It is often said that timing is everything.
That's because the deal was announced amidst a presidential election in which both candidates—motivated by a growing suspicion of big business—have been touting their populist fundamentals.
The candidate that Republicans (typically the party that is suspicious of antitrust regulation) nominated, Donald Trump, has already pledged to block the deal if he's elected president. Meanwhile Democrats and the left in general have been increasingly making noise about using antitrust law as a tool for confronting economic inequality and the concentration of corporate power.
And critics of business concentration have at their disposal recent economic research that suggests that we should expect a much more skeptical Justice Department and Federal Trade Commission in any case.
John Kwoka, an economist at Northeastern University, recently published research that looked at more than 1,000 mergers over the past twenty years. Kwoka found that at least one-third of the ones he studied actually resulted in price increases of more than 10%, when controlling for factors like changes in input costs, shifts in demand, and other variables that can lead to price increases outside of changes in the competitive landscape. Kwoka found that a whopping 80% of mergers led to some price increase, with the average coming in at 7%.
Kwoka’s research is a damning indictment of the federal government’s performance in preventing price-increasing mergers, and could be used as justification in and of itself to crack down on mergers and acquisitions. Kwoka also found that when the federal government requires merging companies to divest assets, such actions had almost no effect in preventing price increases.
He also found that the approach of using "conduct remedies," or requirements that firms act against their own interests in order to promote more competition, were wholly inadequate to prevent consumer harm through rising prices. These remedies, according to Kwoka, “are difficult to write, difficult to enforce, and at the end of the day they don’t work.”
And they lead to huge price increases for consumers, anyway. According to Kwoka's research, mergers that relied on conduct remedies to prevent consumer harm actually led to, on average, a 16% increase in prices, more than twice as large an increase as the average merger.
There's an important caveat to consider. Kwoka's research focuses on "horizontal" mergers, whereby two companies competing in the same market join together. The proposed AT&T and Time Warner deal would be a vertical integration, whereby firms in different parts of the supply chain merge together. Standard theory dictates that because these sorts of mergers don't reduce competition. In theory, the existence of the same number of competitors in the market at the end of the supply chain will stop firms from raising the prices consumers pay.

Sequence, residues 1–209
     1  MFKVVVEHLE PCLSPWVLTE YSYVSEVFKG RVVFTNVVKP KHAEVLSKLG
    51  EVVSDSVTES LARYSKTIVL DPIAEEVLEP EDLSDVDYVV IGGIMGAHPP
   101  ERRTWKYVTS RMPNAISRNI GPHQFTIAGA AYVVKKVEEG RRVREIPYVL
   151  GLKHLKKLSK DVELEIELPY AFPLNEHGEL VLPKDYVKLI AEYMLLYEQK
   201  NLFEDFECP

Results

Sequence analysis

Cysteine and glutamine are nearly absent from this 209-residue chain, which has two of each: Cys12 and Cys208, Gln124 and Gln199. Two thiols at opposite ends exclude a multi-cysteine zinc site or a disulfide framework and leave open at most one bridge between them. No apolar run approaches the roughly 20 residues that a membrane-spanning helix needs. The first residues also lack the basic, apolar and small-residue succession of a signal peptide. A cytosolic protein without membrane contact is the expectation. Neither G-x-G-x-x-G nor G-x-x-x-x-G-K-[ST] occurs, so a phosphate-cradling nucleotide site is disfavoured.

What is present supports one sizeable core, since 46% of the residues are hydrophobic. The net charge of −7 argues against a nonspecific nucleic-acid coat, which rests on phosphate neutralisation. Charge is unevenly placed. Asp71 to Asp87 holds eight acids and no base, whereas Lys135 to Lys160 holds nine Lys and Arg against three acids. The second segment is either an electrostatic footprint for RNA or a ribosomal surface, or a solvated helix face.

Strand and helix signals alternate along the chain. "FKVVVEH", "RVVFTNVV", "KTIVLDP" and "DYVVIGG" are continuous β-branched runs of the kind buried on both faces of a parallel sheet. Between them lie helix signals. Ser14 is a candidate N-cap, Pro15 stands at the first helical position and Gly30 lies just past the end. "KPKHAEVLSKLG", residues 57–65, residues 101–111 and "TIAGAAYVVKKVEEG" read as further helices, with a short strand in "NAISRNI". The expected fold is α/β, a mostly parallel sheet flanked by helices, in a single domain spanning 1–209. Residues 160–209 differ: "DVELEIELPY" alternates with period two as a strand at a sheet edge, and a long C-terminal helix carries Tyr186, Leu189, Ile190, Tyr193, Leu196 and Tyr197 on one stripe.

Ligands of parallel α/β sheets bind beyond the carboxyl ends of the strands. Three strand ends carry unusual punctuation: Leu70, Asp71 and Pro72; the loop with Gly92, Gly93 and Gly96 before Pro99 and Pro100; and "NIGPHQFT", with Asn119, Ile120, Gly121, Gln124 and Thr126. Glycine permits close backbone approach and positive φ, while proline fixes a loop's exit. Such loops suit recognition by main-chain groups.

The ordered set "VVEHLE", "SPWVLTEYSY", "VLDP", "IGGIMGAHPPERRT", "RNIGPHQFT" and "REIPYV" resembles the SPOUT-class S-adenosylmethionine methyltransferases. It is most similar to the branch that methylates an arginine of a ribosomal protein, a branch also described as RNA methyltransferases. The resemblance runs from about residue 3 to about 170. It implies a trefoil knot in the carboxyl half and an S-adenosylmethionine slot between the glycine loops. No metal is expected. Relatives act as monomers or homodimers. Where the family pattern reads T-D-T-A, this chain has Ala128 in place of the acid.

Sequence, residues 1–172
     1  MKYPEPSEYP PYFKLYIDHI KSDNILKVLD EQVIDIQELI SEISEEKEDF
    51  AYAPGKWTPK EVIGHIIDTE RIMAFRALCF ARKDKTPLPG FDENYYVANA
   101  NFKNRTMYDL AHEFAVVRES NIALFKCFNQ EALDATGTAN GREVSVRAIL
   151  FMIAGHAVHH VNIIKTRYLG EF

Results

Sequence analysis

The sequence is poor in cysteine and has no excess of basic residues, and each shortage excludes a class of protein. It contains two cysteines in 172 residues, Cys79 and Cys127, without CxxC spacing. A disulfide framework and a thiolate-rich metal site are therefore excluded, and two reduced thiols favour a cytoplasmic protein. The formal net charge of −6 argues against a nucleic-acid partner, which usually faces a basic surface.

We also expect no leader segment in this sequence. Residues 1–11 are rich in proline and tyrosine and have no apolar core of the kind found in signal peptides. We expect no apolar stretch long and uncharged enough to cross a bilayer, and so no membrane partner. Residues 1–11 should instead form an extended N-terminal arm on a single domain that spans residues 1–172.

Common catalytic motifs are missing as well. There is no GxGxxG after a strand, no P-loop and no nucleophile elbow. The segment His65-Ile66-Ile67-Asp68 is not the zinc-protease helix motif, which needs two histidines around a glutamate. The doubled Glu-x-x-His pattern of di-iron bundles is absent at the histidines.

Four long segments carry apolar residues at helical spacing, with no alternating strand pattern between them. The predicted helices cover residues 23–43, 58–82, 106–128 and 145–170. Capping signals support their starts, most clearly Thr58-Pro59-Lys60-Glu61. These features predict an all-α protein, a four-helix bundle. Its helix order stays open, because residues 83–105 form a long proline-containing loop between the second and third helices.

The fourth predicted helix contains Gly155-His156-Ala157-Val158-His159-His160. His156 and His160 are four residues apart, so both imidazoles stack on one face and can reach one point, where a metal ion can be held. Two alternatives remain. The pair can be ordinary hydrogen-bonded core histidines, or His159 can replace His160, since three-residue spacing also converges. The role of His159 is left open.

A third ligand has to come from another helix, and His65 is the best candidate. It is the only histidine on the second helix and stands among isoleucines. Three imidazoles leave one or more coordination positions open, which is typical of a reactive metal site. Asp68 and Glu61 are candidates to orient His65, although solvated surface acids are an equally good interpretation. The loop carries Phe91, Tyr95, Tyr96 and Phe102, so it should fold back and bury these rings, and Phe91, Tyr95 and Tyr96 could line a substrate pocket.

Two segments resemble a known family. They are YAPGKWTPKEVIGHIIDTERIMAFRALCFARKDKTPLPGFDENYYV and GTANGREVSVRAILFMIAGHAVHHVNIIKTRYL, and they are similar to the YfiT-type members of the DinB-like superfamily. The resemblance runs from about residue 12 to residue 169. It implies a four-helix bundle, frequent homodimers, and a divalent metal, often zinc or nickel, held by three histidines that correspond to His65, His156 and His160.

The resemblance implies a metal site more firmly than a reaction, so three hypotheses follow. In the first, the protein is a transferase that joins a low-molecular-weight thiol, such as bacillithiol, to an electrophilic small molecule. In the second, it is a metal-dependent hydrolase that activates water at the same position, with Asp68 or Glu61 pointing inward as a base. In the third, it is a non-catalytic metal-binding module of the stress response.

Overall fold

But a vertical merger can lead to price increases in certain instances. The market for internet service is notoriously bereft of competition, because of incredibly high barriers to entry. "Within five months of completing its $49 billion purchase of DirecTV, AT&T announced that it would increase prices for its broadband service," according to the Center for Public Integrity. "DirecTV also announced that month that it would hike its prices."
Cable and Internet providers are constrained from raising prices because all else equal, content providers want to get their product to consumers at the lowest price possible. When content creators and distributors are unified in markets where competition is already constrained, that can lead to price increases.
And while the Justice Department has largely relied on conduct remedies to amend vertical mergers, Kwoka's research, and common sense, show why these solutions may not actually be solutions to price increases at all. "The remedy strategy that was pursued in Comcast-NBCUniversal was not effective," Kwoka says. "Most anybody upon reading the agreement would say that this couldn’t possibly work. A number of people said it at the time."
The only other method that the Feds have to prevent price increases is to block a merger. And one can expect, now that it's clear that the tools that the government has been using has failed, that many in the administration, or the next one, will be arguing to do just that.